Tuesday, June 30, 2009

Looking for a few Good Men . . . Authentic, 21st Century Men, that is!

Resurrecting the Unicorn: Masculinity in the 21st Centurya review by Mel Mathews
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Resurrecting the Unicorn:
Masculinity in the 21st Century

Not long ago while listening to a NPR broadcast concerning Masculinity in the 21st Century, I was caught up by an interview of a woman journalist who had written about 'what it means to be a man in the 21st century.' The concept of a woman reporting on and defining, or attempting to define, masculinity was a bit off-putting. We tread on thin ice when a woman, or women define manhood and/or masculinity, just as we do when a man, or men attempt to define women and femininity. Sure, we all carry these contra-sexual aspects within, but that doesn’t make Man an authority on femininity, nor Woman an authority on masculinity, anymore than it makes a lefty an authority on a righty. The interview soon shifted away from a woman’s definition of masculinity and to pop-cultural definitions of manhood. Perhaps I was still ruffled by this lefty-righty thing, but I also considered it quite shallow to have masculinity or femininity defined by fleeting fashions of pop-culture, for as naturally as DNA defines genetics, archetypal patterns define the psychological and spiritual makeup of masculinity and femininity—not passing trends.

Now, speaking as a man about masculinity, I can say that many 21st century men have been raised by women—without a masculine role model—and what they've learned about being a man has been defined by the media, the women’s movement, and many other distorted social norms. Often, such men discover that they are no longer able or willing to carry these externally imposed values and instead seek alternative definitions of masculinity and lifestyles. Some would call these periods of change a crisis; others would consider this a step in the direction of mental health. Regardless of how we label this time of soul-searching, it ultimately calls for a willingness to suffer the unknown. The rewards for such courage often prove quite beneficial. For those willing to take on the task of becoming an 'authentic' man, one can expect to gain a more defined sense of self who is moved by his own internal values, and in turn experience a more meaningful and fulfilling life.

However, all the compensatory posturing, chest-pounding or drum-beating in the world won't revive this great masculine spirit. This can only be accomplished by developing a deeper relationship to soul, to the archetypal patterns or energies that comprise the core aspects of our beings. The mental landscape of metaphors—dreams, stories, myths, fairy tales—deal with the eternal truths of human nature and are the language of soul. In the recently published book Resurrecting the Unicorn: Masculinity in the 21st Century, Bud Harris masterfully guides readers deep into the realm of metaphors where we can examine the evolution and development of human consciousness and reclaim discarded, yet much needed, integral aspects of our masculine natures.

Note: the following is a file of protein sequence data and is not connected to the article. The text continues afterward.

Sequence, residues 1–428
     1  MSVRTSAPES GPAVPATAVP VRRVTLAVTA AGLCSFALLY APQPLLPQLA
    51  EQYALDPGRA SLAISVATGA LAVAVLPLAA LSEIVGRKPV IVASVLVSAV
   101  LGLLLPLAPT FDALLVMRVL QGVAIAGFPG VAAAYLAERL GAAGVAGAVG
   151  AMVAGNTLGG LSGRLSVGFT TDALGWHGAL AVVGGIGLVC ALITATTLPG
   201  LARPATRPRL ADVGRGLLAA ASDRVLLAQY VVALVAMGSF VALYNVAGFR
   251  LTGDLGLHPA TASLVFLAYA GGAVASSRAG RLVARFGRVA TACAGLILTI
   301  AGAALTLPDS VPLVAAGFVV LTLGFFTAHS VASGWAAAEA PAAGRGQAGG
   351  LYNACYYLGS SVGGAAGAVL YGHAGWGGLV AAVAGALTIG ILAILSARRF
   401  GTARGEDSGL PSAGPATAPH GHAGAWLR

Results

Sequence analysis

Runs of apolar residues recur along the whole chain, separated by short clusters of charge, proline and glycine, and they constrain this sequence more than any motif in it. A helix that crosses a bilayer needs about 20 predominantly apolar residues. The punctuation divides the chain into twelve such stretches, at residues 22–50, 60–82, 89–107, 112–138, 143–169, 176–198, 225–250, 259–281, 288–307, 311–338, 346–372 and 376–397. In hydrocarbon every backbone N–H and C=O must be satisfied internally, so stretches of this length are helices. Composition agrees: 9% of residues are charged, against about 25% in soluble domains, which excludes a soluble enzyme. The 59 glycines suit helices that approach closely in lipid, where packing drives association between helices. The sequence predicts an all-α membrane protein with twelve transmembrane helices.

"True masculinity—not the macho type—is needed for men to be strong enough to meet the feminine in themselves. For this they must find their own masculine face—not a face defined by women," suggests Bud Harris in Resurrecting the Unicorn. Harris then delves into the fairy tale, "Fyrtoiet," better known as "The Tinder Box" by Hans Christian Andersen, where an "Elemental Blueprint for Developing Masculinity" is extracted from the symbolic metaphors of this wise old tale.

Perhaps it’s time to pick up where Robert Bly's Iron John and Sam Keen's Fire in the Belly left off in the last part of the 20th century. If you're ready to explore and claim an 'authentic' masculinity from a place that calls for a great deal of courage, where truth, values, and integrity are defined from within, not by antiquated beliefs or pop-culture, then Bud Harris' Resurrecting the Unicorn is certainly worthy of your time and attention.

Resurrecting the Unicorn: Masculinity in the 21st Century, ISBN 978-0-9810344-0-9 is available from the publisher, Fisher King Press by calling 1-831-238-7799. This timely publication is also available from your local bookstore and from a host of online booksellers.

Mel Mathews' book reviews have appeared in many syndicated publications. He is the author of the Malcolm Clay Trilogy, a series of novels that portray a man’s struggles as he goes against the grains of his upbringings and emerges as a renewed man who is guided by his own inner truth and hard-won wisdom. Learn more about this reviewer and his publications at: www.melmathews.com

Permission to reprint this article is granted.

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